I am joining Fiesta Friday #326 with Angie @ Fiesta Friday, co-hosting this week with this week are Antonia @ Zoale.com and Zeba @ Food For The Soul.


I am also sharing my recipe at What’s for Dinner? Sunday Link-Up #251 with Helen @ The Lazy Gastronome.


And I am bringing my tacos to Over the Moon #223 co-hosted by Bev @ Eclectic Red Barn, and Marilyn @ Marilyn’s Treats.

22 thoughts on “Jackfruit Pibil Tacos

  1. Visiting you at Spin the wheel and TFT Party and will pin this post. My share this week is #130, “Boost Immunity with Plant-based Foods for Wellness.” Be well, stay safe, and have a good week.

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  2. Thank you. This clears up something for me. When I was growing up, green jackfruit was a common ingredient in the kitchen. In fact my gradmother had a word for it which would translate as tree-goat. at that time I could not see the point of substituting meat by jackfruit, but it is something that I now remember fondly.

    We also used to dry the seed of the jackfruit and use them in curries. I suppose the seeds must also be used in the Mexican kitchen.

    Liked by 1 person

    1. I believe jackfruit did not make it to Mexico until relatively recent times, and it had been grown to eat ripen, as a fruit. It is the vegan philosophy that is making it popular as a meat substitute. “Tree goat” makes a lot of sense in that context, doesn’t it?

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    1. I was thinking: are the chunks precooked? If not, you will have to boil them or roast them until tender, with the fleshy part shredding easily.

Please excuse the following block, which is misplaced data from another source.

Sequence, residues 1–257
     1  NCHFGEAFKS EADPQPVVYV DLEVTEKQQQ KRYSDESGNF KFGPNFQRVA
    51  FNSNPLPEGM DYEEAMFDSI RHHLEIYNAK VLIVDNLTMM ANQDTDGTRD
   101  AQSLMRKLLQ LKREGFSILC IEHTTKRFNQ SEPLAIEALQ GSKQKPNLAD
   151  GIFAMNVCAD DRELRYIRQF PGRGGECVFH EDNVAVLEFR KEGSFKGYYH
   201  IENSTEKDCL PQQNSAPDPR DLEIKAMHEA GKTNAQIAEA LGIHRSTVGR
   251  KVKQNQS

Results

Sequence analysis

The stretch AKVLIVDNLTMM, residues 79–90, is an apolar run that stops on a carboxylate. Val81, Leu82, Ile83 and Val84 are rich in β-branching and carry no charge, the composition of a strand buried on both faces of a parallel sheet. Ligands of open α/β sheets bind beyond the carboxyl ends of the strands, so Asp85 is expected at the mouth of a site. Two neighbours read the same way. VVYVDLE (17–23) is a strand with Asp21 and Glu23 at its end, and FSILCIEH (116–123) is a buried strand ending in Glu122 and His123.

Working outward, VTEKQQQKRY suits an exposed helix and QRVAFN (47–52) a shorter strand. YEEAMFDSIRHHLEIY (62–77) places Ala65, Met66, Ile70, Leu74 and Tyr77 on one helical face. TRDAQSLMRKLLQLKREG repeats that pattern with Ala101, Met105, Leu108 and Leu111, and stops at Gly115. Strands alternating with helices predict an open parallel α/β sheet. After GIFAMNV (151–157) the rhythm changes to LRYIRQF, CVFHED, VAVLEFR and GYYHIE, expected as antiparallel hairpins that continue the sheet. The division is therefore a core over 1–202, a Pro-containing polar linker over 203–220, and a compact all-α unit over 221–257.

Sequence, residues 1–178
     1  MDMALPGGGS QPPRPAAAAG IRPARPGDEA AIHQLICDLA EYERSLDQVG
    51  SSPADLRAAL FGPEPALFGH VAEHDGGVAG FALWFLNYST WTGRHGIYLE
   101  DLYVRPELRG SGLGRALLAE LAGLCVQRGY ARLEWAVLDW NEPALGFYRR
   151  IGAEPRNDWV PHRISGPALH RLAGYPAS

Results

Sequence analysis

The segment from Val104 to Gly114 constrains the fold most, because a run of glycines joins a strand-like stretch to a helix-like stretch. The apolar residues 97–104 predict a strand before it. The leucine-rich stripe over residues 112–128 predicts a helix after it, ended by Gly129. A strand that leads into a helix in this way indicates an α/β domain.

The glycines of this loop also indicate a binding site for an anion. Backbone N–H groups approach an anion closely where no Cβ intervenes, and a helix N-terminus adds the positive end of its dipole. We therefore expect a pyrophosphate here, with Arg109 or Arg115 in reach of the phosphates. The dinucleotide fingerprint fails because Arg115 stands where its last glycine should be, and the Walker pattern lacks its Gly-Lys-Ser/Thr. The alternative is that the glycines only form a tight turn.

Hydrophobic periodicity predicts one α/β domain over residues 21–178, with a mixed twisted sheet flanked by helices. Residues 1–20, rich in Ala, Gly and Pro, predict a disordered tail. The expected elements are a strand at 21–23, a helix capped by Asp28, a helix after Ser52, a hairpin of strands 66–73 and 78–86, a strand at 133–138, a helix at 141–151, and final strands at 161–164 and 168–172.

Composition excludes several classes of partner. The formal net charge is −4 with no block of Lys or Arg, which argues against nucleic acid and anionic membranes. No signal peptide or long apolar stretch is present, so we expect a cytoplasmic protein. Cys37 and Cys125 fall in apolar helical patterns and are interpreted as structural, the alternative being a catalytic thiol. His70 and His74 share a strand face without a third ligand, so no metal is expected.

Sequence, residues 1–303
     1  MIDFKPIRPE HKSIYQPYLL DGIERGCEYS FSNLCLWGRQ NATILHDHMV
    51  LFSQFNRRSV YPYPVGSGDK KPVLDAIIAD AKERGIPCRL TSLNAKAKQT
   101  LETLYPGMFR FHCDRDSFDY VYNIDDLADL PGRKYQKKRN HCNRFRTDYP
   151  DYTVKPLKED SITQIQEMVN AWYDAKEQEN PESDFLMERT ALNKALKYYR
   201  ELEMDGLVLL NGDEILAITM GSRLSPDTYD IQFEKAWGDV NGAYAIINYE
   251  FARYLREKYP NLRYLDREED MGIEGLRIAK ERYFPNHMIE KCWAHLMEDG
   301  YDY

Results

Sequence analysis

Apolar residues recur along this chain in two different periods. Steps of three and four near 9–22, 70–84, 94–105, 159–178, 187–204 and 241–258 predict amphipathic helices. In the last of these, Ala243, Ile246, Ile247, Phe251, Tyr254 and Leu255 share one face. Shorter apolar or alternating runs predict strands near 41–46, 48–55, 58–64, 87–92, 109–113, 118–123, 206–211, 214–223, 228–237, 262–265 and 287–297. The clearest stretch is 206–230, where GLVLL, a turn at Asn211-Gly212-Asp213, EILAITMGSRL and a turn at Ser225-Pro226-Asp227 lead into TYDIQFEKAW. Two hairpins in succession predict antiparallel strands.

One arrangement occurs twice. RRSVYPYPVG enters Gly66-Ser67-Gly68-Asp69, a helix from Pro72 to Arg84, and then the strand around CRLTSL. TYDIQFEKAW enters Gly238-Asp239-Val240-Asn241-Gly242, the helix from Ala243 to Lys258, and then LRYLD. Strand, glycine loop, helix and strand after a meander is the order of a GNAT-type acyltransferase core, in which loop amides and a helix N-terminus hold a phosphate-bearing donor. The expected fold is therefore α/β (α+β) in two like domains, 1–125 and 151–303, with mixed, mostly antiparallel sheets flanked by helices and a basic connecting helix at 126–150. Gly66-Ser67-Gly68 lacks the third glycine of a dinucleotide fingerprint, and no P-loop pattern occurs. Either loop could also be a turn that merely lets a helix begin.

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      1. I am assuming you know how to grind them (spice or coffee grinder, or mortar and pestle) because the blender will not do the job. Once you gave the powder, just follow the link to prepare “recado rojo” and then follow the recipe.

        Liked by 1 person

    1. My vegetarian daughter introduced me to jackfruit at vegan restaurants; I found canned jackfruit at an Asian grocery store, and the package shown in this post was from WalMart. I hope you find it soon!

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  3. Thank you for sharing at #OverTheMoon. Pinned and shared. Have a lovely week. I hope to see you at next week’s party too! Please stay safe and healthy. Come party with us at Over The Moon! Catapult your content Over The Moon! @marilyn_lesniak @EclecticRedBarn